The principle announced in the Mahon and
other cases above cited was not a new one. I chievous consequences, involving the personIt has been distinctly recognized in the al safety of individuals within the limits of courts of England and in many states of the the respective states, the remedy is with Union. In Ex parte Scott (1829) 9 Barn. & the lawmaking department of the governC. 446, one accused of crime against the ment. Congress has long been informed by laws of England, and who was in custody for judicial decisions as to the state of the law trial, sought to be discharged upon habeas cor- upon this general subject. pus because she had been improperly apprehended in a foreign country. Lord Tenterden, Ch. J., said: "The question, therefore, is this: Whether, if a person charged with a crime is found in this country, it is the duty of the court to take care that such a party shall be amenable to justice, or whether we are to consider the circumstances under which she was brought here. I thought, and still continue to think, that we cannot inquire into them. If the act complained of were done against the law of the foreign country, that country might have vindicated its own law. If it gave her a right of action she may sue upon it." Some of the American cases, to the same general effect, are cited in Mahon v. Justice, namely: State v. Smith, 1 Bailey, 283, 19 Am. Dec. 679; State v. Brewster, 7 Vt. 118; State v. Ross, 21 Iowa, 467. See also Dow's Case, 18 Pa. 37; State v. Kealy, 89 Iowa, 94, 97, 56 N. W. 283; Ex parte Barker, 87 Ala. 4, 8, 13 Am. St. Rep. 17, 6 So. 7; People v. Pratt, 78 Cal. 345, 349, 20 Pac. 731; Church, Habeas Corpus, § 483, and authorities cited in notes, and note to Re Fetter, 57 Am. Dec. 389, 400.
In this connection it may be well to say that we have not overlooked the allegation that the governor and other officers of Idaho well knew at the time the requisition was made upon the governor of Colorado, that Pettibone was not in Idaho on December 30th, 1905, nor at any time near that date, and had the purpose in all they did to evade the constitutional and statutory provisions relating to fugitives from justice. To say nothing of the impropriety of any such facts being made the subject of judicial inquiry in a Federal court, the issue thus attempted to be presented was wholly immaterial. Even were it conceded, for the purposes of this case, that the governor of Idaho wrongfully issued his requisition, and that the governor of Colorado erred in honoring it and in issuing his warrant of arrest, the vital fact remains that Pettibone is held by Idaho in actual custody for trial under an indictment charging him with crime against its laws, and he seeks the aid of the circuit court to relieve him from custody, so that he may leave that state and thereby defeat the prosecution against him without a trial. In the present case it is not necessary to go It is said that the present case is distin- behind the indictment and inquire as to how guishable from the Mahon Case in the fact it happened that he came within reach of the that the illegal abduction complained of in the process of the Idaho court in which the the latter was by persons who neither acted indictment is pending. And any investigation nor assumed to act under the authority of as to the motives which induced the action the state into the custody of whose authori- taken by the governors of Idaho and Coloties they delivered Mahon; whereas, in this rado would, as already suggested, be imcase, it is alleged that Idaho secured the proper as well as irrelevant to the real quespresence of Pettibone within its limits tion to be now determined. It must be through a conspiracy on the part of its conclusively presumed that those officers governor and other officers. This difference proceeded throughout this affair with no evil in the cases is not, we think, of any conse-purpose and with no other motive than to quence as to the principle involved; for the enforce the law. question now is-and such was the fundamental question in Mahon's Case-whether a circuit court of the United States when asked, upon habeas corpus, to discharge a person held in actual custody by a state for I am constrained to dissent from the trial in one of its courts under an indictment opinion and judgment of the court. The charging a crime against its laws, can prop- principle announced, as I understand it, is erly take into account the methods whereby that "a circuit court of the United States, the state obtained such custody. That ques- when asked upon habeas corpus, to distion was determined in the negative in the charge a person held in actual custody by a Ker and Mahon Cases. It was there ad-state for trial in one of its courts under an judged that in such a case neither the Con- | stitution nor laws of the United States entitled the person so held to be discharged from custody and allowed to depart from the state. If, as suggested, the application of these principles may be attended by mis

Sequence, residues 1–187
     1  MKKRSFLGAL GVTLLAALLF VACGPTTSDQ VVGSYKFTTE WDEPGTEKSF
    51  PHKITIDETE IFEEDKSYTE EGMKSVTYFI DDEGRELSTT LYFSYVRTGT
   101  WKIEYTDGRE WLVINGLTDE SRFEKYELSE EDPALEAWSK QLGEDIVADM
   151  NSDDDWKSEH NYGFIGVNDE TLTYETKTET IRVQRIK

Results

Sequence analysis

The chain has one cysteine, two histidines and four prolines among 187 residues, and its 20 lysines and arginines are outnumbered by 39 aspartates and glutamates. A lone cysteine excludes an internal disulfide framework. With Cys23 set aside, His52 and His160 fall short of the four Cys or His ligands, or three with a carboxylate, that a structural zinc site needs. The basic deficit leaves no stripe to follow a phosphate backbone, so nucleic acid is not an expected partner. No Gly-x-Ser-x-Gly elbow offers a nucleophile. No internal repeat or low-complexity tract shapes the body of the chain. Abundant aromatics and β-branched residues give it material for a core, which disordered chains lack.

We perceive no error in the action of the Circuit Court, and its final order is affirmed.
Mr. Justice McKenna, dissenting:
indictment charging a crime against its laws, cannot properly take into account the methods whereby the state obtained such custody." In other words, and to illuminate the principle by the light of the facts in this case (facts, I mean, as alleged, and which